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Pathology Research International
Volume 2011 (2011), Article ID 247923, 8 pages
Review Article

Human Immunodeficiency Virus-Associated Gastrointestinal Disease: Common Endoscopic Biopsy Diagnoses

1Department of Pathology, University of Mississippi Medical Center, 2500 North State Street, Jackson, MS 39216, USA
2Department of Medicine, University of Mississippi Medical Center, 2500 North State Street, Jackson, MS 39216, USA

Received 1 December 2010; Accepted 7 February 2011

Academic Editor: Liron Pantanowitz

Copyright © 2011 Feriyl Bhaijee et al. This is an open access article distributed under the Creative Commons Attribution License, which permits unrestricted use, distribution, and reproduction in any medium, provided the original work is properly cited.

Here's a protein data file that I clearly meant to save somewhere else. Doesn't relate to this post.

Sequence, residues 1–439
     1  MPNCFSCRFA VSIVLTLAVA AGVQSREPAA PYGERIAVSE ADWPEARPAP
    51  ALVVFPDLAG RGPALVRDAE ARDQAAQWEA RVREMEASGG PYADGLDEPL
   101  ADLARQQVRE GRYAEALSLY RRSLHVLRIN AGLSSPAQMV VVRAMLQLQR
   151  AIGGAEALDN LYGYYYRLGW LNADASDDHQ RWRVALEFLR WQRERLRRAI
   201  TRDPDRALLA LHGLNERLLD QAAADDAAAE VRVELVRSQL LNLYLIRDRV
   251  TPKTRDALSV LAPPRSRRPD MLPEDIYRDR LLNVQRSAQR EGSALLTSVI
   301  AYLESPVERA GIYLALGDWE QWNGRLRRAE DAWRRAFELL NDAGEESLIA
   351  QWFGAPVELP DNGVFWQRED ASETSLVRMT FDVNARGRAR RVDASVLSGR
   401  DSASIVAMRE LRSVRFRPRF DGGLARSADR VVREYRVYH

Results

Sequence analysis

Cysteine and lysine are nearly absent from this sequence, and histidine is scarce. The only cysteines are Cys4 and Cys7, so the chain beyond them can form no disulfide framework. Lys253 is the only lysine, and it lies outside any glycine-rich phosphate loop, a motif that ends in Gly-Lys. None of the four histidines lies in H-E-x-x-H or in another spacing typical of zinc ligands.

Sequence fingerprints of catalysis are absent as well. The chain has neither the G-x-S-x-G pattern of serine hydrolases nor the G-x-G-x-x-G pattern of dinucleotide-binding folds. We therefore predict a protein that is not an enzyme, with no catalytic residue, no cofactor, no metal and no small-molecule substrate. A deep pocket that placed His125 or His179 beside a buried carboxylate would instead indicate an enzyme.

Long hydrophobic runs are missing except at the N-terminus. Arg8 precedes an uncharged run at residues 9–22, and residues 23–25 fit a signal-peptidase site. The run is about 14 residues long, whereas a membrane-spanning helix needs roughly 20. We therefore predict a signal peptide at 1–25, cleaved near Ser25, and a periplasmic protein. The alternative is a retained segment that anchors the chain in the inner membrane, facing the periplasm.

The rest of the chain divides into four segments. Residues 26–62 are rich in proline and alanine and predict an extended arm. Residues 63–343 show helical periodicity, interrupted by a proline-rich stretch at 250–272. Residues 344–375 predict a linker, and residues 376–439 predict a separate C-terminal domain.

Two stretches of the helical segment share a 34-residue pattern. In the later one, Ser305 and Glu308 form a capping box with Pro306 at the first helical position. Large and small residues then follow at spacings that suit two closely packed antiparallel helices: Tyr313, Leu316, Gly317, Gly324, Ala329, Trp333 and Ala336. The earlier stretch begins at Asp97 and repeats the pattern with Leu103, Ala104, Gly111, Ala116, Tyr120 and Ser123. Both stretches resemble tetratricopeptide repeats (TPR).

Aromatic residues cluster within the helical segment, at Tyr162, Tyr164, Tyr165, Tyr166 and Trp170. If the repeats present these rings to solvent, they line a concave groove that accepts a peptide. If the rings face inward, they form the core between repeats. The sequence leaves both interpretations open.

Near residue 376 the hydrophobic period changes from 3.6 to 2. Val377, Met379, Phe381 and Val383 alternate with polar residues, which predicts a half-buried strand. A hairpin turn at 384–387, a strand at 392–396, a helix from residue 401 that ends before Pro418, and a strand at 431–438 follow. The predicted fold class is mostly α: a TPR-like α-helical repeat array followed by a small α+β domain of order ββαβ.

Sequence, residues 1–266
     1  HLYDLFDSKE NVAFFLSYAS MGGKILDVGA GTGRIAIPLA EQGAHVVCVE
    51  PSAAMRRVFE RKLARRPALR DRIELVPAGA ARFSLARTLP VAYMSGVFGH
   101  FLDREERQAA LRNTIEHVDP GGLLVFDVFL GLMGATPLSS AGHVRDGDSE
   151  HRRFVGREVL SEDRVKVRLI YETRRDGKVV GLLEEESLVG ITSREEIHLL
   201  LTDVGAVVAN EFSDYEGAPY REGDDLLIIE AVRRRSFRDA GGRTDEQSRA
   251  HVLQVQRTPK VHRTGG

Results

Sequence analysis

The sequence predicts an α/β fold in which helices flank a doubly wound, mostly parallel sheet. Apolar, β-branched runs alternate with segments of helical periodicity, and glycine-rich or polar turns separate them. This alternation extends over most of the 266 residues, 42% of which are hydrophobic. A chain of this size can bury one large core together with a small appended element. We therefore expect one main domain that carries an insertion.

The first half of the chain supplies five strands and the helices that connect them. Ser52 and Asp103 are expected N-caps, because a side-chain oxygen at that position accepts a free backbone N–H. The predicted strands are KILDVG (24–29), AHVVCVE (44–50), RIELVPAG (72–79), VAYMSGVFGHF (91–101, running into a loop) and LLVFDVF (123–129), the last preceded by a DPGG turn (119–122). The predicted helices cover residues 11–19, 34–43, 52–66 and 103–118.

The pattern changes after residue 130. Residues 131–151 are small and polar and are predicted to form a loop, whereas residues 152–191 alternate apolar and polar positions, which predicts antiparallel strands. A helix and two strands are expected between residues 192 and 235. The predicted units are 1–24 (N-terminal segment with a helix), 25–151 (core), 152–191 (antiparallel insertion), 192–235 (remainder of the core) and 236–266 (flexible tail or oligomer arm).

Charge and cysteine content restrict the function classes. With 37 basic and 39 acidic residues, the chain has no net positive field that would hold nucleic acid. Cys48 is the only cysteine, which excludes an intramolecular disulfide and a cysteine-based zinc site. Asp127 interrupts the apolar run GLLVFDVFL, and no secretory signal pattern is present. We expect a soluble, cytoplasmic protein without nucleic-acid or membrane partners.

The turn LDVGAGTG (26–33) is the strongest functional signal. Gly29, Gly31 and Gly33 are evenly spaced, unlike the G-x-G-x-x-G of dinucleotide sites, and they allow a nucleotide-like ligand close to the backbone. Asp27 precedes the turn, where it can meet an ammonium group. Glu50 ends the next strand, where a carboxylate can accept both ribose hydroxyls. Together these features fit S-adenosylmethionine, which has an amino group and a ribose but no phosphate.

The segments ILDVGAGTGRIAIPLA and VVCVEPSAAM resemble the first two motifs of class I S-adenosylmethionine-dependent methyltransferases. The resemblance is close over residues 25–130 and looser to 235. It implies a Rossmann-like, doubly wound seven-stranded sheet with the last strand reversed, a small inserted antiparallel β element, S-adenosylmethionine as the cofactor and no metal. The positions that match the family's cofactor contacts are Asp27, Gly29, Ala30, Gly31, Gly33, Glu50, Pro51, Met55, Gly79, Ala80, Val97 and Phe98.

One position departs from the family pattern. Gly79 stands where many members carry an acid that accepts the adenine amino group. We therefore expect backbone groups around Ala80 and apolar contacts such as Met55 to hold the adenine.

The gastrointestinal (GI) tract is a major site of disease in HIV infection: almost half of HIV-infected patients present with GI symptoms, and almost all patients develop GI complications. GI symptoms such as anorexia, weight loss, dysphagia, odynophagia, abdominal pain, and diarrhea are frequent and usually nonspecific among these patients. Endoscopy is the diagnostic test of choice for most HIV-associated GI diseases, as endoscopic and histopathologic evaluation can render diagnoses in patients with non-specific symptoms. In the past three decades, studies have elucidated a variety of HIV-associated inflammatory, infectious, and neoplastic GI diseases, often with specific predilection for various sites. HIV-associated esophageal disease, for example, commonly includes candidiasis, cytomegalovirus (CMV) and herpes simplex virus (HSV) infection, Kaposi's sarcoma (KS), and idiopathic ulceration. Gastric disease, though less common than esophageal disease, frequently involves CMV, Mycobacterium avium-intracellulare (MAI), and neoplasia (KS, lymphoma). Small bowel biopsies and intestinal aspirates from HIV-infected patients often show HIV enteropathy, MAI, protozoa (Giardia, Isospora, Cryptosporidia, amebae, Microsporidia), and helminths (Strongyloides stercoralis). Colorectal biopsies demonstrate viral (CMV, HSV), bacterial (Clostridia, Salmonella, Shigella, Campylobacter), fungal (cryptococcosis, histoplasmosis), and neoplastic (KS, lymphoma) processes. Herein, we review HIV-associated GI pathology, with emphasis on common endoscopic biopsy diagnoses.